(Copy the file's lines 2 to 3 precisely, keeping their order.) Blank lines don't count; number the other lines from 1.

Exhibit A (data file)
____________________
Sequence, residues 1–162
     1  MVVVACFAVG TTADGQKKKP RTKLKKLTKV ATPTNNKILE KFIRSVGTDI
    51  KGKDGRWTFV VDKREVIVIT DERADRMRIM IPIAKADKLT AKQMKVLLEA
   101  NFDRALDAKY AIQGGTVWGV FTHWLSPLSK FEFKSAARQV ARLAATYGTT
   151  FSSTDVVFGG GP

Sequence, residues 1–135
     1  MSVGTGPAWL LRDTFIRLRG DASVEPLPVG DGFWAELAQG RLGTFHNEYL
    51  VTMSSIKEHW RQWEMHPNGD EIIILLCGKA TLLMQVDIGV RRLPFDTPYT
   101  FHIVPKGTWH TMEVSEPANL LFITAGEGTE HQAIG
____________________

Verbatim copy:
     1  MVVVACFAVG TTADGQKKKP RTKLKKLTKV ATPTNNKILE KFIRSVGTDI
    51  KGKDGRWTFV VDKREVIVIT DERADRMRIM IPIAKADKLT AKQMKVLLEA